‘Spiritual currency': The Ojibwe's special bond with wild rice production

For 500 years, Mahnomen, or wild rice, has been the grain that feeds life into the Annishinabe, or the Ojibwe.

They are a people that, in the 1600s, found security and food in Wisconsin and Minnesota.

“As the Ojibwe were migrating over from the east coast following a prophecy to follow the mega shell, or cowry shell, the prophecy was to go to where the food grows on water and going there will save your people. The Annishinabe people will be saved. So traveling on and pushing forward with the prophecy, which may have taken a century, we eventually arrive here in central Minnesota and northern Wisconsin where the food does grow on water,” said Pat Kruse, an Ojibwe. 

In those days, the pristine waters in our northern lakes grew wild rice by the thousands of acres. By comparison, the rice grows sparse today, which is one of the reasons modern day Ojibwe like Pat Kruse and his son Gage hold the grain in the highest regard. 

“This is what we do as Ojibwes,” Kruse said. “You throw it up in the air like that on the way out and make an offering back. Because we were fed, we feed it back.”

While wild rice is very much a staple of the Ojibwe diet, for those still gathering it by canoe, push pole and stick, it also represents spiritual nourishment.

“For generations and generations and generations, it’s very important to get this rice for us Ojibwes,” said Bradley Harrington. 

Ojibwe believe all that is traditional about wild rice gathering feeds a culture that in many ways is still fighting to stay alive today.

“When we start talking about cultural revitalization, who are we as a people, wild rice plays a key factor in that, just like any other sacred food item, sacred item, language and customs, the wild rice will be there,” said Harrington. 

It’s an Annishinabe labor of love with more work ahead.

Traditional Ojibwe ricing does not end at the shore of a lake. The Mahnomen actually passes through several hand-on and feet-on steps, always under the watchful eye of an Elder.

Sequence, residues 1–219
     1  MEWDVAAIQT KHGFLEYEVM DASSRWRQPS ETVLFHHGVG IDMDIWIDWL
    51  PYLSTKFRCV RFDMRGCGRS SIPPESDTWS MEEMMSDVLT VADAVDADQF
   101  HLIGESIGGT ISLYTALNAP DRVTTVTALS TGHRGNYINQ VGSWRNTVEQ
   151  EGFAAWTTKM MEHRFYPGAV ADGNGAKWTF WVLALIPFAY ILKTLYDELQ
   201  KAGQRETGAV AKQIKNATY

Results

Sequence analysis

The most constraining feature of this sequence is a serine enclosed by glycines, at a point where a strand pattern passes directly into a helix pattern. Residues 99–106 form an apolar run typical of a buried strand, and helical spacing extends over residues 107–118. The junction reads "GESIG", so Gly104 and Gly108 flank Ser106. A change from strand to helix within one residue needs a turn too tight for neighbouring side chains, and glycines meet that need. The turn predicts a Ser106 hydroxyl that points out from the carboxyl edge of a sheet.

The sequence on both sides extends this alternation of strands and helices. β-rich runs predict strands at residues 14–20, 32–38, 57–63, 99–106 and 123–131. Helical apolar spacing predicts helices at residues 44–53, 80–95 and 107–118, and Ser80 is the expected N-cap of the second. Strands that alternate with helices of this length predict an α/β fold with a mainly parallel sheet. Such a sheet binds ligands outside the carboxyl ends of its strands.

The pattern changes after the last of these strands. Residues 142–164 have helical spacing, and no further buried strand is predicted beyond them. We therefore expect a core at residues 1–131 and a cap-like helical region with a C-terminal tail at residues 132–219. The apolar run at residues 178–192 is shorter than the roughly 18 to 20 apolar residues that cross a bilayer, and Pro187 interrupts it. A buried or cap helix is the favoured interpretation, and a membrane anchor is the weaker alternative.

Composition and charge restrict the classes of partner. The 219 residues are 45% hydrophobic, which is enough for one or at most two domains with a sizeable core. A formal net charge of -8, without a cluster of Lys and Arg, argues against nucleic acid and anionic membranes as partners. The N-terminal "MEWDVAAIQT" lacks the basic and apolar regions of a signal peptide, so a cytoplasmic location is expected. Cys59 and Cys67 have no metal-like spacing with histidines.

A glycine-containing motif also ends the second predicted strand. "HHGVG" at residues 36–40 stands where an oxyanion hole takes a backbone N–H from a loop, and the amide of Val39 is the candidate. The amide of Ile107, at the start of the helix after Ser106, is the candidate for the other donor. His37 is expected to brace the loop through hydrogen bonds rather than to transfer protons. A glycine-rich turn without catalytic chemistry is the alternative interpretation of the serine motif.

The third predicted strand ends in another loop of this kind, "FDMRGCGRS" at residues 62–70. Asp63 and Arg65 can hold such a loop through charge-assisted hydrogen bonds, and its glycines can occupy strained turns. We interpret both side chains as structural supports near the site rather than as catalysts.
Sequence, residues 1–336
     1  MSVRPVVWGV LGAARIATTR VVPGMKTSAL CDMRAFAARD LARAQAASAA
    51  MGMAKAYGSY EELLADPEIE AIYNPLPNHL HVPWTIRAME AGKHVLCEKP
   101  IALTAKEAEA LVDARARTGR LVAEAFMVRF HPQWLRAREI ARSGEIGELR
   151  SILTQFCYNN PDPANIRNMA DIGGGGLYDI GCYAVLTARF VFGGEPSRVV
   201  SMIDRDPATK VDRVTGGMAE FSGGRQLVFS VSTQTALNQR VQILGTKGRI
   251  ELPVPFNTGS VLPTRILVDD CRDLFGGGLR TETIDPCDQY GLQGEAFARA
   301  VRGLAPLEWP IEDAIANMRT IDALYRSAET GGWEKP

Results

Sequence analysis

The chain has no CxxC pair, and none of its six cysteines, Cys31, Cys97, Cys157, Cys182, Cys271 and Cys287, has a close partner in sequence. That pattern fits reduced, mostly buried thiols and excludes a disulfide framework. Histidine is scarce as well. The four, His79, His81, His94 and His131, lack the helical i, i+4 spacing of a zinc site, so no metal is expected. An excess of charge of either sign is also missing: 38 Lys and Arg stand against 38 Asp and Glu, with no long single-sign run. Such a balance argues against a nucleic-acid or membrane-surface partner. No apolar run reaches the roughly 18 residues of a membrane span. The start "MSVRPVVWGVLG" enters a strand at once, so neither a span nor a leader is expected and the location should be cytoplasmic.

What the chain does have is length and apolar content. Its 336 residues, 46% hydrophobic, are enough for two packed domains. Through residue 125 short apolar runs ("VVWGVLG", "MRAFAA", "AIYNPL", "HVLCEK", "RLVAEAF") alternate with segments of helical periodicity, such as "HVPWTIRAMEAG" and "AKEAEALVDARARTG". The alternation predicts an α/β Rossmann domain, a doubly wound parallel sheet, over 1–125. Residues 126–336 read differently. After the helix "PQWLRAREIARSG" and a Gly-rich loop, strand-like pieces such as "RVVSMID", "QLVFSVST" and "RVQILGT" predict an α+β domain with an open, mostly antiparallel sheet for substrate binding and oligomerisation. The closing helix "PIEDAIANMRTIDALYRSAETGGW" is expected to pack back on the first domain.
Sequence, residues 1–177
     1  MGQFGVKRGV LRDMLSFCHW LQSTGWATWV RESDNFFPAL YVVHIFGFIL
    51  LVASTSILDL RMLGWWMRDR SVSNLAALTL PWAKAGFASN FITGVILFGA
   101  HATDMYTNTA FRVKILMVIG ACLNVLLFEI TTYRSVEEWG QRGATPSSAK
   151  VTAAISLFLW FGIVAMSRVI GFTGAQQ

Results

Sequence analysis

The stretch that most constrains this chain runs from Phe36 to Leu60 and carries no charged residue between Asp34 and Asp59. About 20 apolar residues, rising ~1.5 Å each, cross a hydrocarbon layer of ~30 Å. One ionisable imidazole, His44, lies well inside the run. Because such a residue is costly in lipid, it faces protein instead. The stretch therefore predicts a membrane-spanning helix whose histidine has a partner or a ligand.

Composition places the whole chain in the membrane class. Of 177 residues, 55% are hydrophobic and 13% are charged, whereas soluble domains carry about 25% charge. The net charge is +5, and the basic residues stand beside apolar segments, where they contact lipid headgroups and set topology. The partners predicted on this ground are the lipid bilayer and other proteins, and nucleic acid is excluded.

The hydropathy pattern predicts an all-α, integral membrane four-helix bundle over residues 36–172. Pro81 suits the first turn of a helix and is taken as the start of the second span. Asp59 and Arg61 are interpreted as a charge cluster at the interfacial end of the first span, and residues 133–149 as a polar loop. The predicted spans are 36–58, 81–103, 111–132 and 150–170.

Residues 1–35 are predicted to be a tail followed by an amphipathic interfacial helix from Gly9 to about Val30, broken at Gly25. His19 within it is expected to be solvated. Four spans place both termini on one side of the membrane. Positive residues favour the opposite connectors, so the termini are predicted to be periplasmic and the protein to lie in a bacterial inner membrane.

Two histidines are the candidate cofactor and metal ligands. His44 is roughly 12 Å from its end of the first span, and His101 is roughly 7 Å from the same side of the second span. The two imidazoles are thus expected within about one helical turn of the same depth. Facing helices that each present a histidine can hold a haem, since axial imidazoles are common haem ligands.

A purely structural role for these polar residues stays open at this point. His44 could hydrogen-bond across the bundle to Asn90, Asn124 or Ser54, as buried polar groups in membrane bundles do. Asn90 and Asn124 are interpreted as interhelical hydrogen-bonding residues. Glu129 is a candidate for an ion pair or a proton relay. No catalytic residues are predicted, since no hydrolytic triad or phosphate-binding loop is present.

Shirley Boyd is 80 years old. Those years have given her a keen eye, ear and feel for the stirring motion needed in parching the rice, heating it to loosen the husks from the kernel.

It may be hard for her to admit, but her time now working the rice is limited, so the next generation of Ojibwe take on the task, with Shirley often over their shoulder.

“They do a good job,” she said. “I did it quite a few years. We did our own. We never took ours out to have someone else do it. My husband and I did it all, all of it ourselves.”

That work also included “making sure there’s nothing in there that shouldn’t be in there, like a leaf falling from a tree, grass we may have missed,” said Harrington. 

Cooled and clean, young men in traditional leather moccasins dance on the wild rice. A breeze helps carry the husks away in the winnowing stage.

Years upon years of perfecting this tossing motion formed the memories this proud Ojibwe woman finds in the rice.

Sending that tradition even deeper into the Ojibwe Nation is what this day on Lake Onamia is all about. It’s a ricing field trip. A teaching opportunity for the youngest in the tribe.

“Culturally, it’s significant,” said Harrington. “And if the kids aren’t doing it, we’re going to lose that aspect of the culture.”

“Annishinabe practices are a labor of love and a labor of healing,” said Harrington. “It’s the spiritual intent that you put into harvesting the rice with good thoughts.”

“It’s like depositing into spiritual currency that when you have a finished product and you feed other people, it’s like cashing in your spiritual currency,” Harrington said.

“Letting the kids see that, tomorrow, they’re going to be the ones teaching their kids,” Harrington said.